PTI and JUD: Connecting the Dots


Imran Khan justifies Hafiz Saeed contact

I recently wrote a short piece about PTI is funding JUD programmes and how these organisations use crises to grow their own power at the expense of the state. The crises I was discussing were natural such as floods and famines. Today, however, PTI changed the date of its latest demonstration in order to facilitate a JUD demonstration that was scheduled for same day, which made me wonder just how deep the ties between these two groups run, and I was surprised by what I discovered.

Like most political leaders, Imran Khan and PTI have kept a careful distance from Hafiz Saeed and Jamaat-ud-Dawa, neither openly supporting or openly condemning. Asked directly to name Hafiz Saeed and his organisations, Imran Khan quickly back pedaled and gave the same excuse he has always given for not speaking out against Taliban: He is too scared for his life.

At other times, Imran Khan has explained that it was his ‘duty’ to engage with Hafiz Saeed and that there was no proof against him other than some evidence provided by India which makes it meaningless. When American announced a reward of $10 million for evidence against Hafiz Saeed, PTI President Javed Hashmi announced that those who accuse Hafiz Saeed are the real terrorist while praising Jamaat-ud-Dawa as deserving of respect and honour by all Muslims of the world. PTI Vice President Ejaz Chaudhry spoke at Hafiz Saeed’s Difa-e-Pakistan rallies where he proclaimed that “Pakistan needs to be “cleansed of America” and even attended a Jamaat-ud-Dawa rally to declare Osama bin Laden as the ‘martyr of Islam’.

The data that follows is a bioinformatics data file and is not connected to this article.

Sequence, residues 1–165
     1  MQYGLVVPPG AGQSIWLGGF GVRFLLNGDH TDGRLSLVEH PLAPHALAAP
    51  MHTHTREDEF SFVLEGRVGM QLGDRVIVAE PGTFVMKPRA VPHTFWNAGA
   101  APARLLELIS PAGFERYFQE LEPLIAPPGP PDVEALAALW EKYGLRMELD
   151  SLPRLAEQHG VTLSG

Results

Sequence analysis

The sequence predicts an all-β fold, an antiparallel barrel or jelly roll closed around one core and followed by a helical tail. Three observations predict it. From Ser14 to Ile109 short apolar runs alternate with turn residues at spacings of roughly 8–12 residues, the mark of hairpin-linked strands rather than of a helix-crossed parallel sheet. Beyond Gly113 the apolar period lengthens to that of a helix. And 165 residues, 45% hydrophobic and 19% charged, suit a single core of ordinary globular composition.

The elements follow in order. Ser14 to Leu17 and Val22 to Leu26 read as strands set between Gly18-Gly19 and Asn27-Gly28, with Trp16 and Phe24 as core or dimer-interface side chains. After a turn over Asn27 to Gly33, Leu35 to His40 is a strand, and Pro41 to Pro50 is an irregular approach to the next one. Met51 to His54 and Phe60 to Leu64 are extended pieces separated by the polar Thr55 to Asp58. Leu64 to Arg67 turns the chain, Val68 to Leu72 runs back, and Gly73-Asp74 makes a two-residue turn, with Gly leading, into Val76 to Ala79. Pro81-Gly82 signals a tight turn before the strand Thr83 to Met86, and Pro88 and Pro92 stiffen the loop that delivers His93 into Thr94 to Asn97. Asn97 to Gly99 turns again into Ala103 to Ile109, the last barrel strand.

Imran Khan’s excuse is always that he is not attending, only his emissaries, and that they are not the only party that is ‘engaging’ with banned elements. It is PTI, though, that seems to be hand in glove with JUD at every turn, either supporting, attending, parroting, and even funding their activities. Many believe that PTI is supported by certain elements within the state, and the same is true of JUD. Probably there will never be enough evidence to make a fool proof case, but there is also the saying that ‘where there is smoke, there is fire’.


Author: Mukhtar Ahmed


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